Shriver died this week at 95, one of the last of the Camelot clan. But his legacy is more than membership in a political dynasty. It's the Peace Corps, which has sent 200,000-plus Americans of all ages overseas to test their beliefs and share backgrounds with other nations in need of teaching and training.
Shriver almost lived long enough to take part in the 50th anniversary of the Peace Corps coming in March. He was its founder and the guiding light who designed an entirely new foreign policy initiative.
The plan took shape in a post-midnight campaign stop at the University of Michigan, where candidate Kennedy challenged a small audience of students to consider taking their talents overseas to help poor countries. He firmed up the brainstorm thought and gave it the name Peace Corps in a later speech in San Francisco. A catchy idea was born, but there was no blueprint on how to make it work, a sign that the endeavor might be only a campaign gimmick.
When Kennedy won office, he picked Shriver, a campaign insider married to his sister, to road test the sketchy idea. As Shriver recalled it, "Everyone in Washington seemed to think that the Peace Corps was going to be the biggest fiasco in history, and it would be much easier to fire a relative than a friend."
But the new director become a true believer and turned the idea into a success, one of the most lasting of the gilded Kennedy era. His enthusiasm and drive gave the new program the spark it needed to survive, even though early recruits and target-country staffers received only bare-bones training. Shriver spent weeks in the world's backcountry, cheering up volunteers and urging them on.
Both then and now, Africa remains the top destination. But, as an example of the program's evolving character, the focus has grown from teaching English to include AIDS/HIV work in the continent most afflicted with the epidemic.
The Peace Corps survived the Vietnam era, the Cold War and independence movements in host countries that often saw Washington as an enemy. It covers only basic living expenses and discourages both staff and volunteers from making a career in the organization, a tone set by Shriver who disliked bureaucracies.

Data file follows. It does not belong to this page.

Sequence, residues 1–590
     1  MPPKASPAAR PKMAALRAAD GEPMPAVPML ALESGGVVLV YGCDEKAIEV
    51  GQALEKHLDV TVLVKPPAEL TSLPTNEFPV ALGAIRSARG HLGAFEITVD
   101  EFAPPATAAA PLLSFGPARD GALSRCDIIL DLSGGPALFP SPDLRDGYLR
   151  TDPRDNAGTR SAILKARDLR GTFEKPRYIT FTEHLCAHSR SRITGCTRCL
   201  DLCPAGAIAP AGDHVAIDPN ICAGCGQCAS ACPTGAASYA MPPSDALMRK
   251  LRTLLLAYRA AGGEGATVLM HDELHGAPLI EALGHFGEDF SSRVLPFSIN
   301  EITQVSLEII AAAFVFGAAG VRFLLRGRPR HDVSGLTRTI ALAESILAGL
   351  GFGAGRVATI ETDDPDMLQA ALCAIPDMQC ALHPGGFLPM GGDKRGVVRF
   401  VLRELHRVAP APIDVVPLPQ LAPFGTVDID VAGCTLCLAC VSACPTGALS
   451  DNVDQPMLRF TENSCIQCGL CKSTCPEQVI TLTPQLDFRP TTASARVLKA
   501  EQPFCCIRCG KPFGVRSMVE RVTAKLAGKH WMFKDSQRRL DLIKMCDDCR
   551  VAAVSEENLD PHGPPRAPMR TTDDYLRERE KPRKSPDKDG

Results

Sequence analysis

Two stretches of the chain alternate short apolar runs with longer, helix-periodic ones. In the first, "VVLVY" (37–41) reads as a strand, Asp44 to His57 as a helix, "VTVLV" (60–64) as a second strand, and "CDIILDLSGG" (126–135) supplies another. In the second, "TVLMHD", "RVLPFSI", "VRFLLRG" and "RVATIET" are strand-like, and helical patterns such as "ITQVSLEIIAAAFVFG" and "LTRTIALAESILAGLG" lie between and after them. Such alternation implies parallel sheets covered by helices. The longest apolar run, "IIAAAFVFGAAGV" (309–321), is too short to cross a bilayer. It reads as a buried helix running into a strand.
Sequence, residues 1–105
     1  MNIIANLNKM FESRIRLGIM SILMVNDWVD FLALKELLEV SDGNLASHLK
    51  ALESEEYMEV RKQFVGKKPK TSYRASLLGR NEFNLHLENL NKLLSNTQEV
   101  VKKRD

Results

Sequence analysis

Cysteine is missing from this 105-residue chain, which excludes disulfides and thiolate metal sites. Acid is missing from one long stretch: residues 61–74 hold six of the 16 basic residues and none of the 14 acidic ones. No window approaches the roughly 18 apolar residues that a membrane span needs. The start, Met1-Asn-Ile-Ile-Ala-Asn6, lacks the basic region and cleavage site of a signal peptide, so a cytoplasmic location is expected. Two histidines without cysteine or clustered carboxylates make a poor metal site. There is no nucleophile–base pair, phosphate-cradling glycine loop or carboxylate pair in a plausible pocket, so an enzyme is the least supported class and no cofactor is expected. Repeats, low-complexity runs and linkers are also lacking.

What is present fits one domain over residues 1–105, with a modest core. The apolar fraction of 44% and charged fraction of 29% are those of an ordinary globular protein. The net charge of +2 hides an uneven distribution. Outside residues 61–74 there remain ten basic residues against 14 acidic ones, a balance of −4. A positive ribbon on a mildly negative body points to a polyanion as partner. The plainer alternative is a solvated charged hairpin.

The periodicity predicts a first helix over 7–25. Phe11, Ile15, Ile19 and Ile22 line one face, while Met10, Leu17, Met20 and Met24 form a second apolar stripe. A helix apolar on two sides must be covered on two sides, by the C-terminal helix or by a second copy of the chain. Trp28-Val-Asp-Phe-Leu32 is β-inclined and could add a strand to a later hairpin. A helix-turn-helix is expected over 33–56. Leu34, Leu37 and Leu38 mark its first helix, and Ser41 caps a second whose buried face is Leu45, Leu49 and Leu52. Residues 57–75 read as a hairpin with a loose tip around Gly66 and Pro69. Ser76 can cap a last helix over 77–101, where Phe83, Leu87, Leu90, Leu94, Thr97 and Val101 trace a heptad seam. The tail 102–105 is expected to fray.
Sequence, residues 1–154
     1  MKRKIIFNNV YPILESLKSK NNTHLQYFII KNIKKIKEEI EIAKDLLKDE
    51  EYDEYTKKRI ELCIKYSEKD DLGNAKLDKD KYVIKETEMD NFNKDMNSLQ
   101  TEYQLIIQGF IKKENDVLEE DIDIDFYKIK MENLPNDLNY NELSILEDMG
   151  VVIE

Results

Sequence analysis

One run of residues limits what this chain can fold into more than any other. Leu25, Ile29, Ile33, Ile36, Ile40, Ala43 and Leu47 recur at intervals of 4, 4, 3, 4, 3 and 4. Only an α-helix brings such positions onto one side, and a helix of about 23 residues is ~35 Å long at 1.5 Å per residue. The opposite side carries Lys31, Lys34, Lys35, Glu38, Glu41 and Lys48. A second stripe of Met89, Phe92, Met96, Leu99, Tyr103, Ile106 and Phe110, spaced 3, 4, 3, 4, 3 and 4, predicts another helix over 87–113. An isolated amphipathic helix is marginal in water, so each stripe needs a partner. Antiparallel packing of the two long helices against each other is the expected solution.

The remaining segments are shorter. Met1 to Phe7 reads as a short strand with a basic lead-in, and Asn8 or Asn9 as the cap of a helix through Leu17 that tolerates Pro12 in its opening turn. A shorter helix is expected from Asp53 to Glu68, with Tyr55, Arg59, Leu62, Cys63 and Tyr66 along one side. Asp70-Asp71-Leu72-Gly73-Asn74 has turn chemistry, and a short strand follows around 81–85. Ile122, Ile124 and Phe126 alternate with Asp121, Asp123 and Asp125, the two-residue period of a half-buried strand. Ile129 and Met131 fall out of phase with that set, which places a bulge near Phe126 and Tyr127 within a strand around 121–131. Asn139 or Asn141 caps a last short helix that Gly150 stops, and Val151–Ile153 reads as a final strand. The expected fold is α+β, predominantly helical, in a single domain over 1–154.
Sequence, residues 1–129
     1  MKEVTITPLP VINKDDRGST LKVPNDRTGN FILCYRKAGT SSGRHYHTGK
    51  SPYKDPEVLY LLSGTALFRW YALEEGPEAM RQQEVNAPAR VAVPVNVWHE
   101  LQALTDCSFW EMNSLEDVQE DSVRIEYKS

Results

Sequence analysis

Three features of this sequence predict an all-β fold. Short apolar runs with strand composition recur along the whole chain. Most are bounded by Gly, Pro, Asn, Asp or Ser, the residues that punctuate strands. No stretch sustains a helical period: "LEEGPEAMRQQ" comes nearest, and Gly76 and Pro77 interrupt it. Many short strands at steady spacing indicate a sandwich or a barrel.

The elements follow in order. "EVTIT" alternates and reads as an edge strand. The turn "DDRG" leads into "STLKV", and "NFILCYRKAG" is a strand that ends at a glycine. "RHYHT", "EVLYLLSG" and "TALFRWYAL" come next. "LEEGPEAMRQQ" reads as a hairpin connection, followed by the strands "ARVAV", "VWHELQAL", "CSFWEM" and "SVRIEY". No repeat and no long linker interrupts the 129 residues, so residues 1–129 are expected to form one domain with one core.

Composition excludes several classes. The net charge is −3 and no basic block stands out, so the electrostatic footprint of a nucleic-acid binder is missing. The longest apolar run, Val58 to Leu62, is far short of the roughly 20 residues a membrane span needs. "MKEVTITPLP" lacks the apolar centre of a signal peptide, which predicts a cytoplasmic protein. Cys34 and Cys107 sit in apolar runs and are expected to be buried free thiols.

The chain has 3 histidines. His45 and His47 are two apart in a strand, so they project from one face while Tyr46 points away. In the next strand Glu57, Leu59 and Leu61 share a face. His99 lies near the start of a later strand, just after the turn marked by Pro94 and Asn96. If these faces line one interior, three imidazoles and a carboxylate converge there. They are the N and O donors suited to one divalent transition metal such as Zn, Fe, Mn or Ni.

Its informal slogan - low pay, lousy conditions, brutal weather - left no mystery about the nature of the job. But the plain message of public service on a worldwide stage took hold and never faded. Most Peace Corps veterans regard their time as the most memorable experience in their lives. They stay in touch with each other and remain immersed in public service.
The organization has served the nation in other ways, providing a nonmilitary foreign policy option. It's remained an integral part of "soft power," a benign form of aid and development that spreads American idealism in personal terms. The result is a political rarity: across-the-aisle support for the Peace Corps and its yearly budget of $400 million. A columnist for the conservative National Review's online publication this week suggested the liberal-authored institution be nominated for the next Nobel Peace Prize.
Monumental as it is, the Peace Corps wasn't Shriver's only feat. After the Kennedy years, he went on to launch Head Start, Legal Services for the Poor and VISTA, a home-grown version of the Peace Corps. He served as ambassador to France and helped his wife Eunice found the Special Olympics for developmentally disabled athletes. Among his few setbacks was a run as vice president with George McGovern on the Democratic ticket in 1972 and a later run on his own as a presidential contender. Both ended in sharp defeat. Shriver was a man who couldn't resist public service or devising new ways to channel his restless volunteer spirit.
Though he faded from public view over the last decade due to his advanced age and the onset of Alzheimer's disease, his message is still as fresh and timeless. In a culture soaked in celebrity and material success, the idea of public service and humble personal action should have a role, too. That was the message of the Peace Corps back then, and it remains true today, a half century later.
Ambassadors to the world
Volunteers to date: 200,000-plus Countries served: 139 Gender of volunteers: 60 percent female, 40 percent male Average age: 28 Volunteers over 50: 7 percent Marital status: 93 percent single Pay: Living allowance; $7,425 payment upon returning home Term: 27 months Main activities: Education, 37 percent; health and AIDS, 22 percent; business development, 14 percent Largest service areas: Africa, 37 percent; Latin America, 24 percent; Eastern Europe/Central Asia, 21 percent
This article appeared on page F - 10 of the San Francisco Chronicle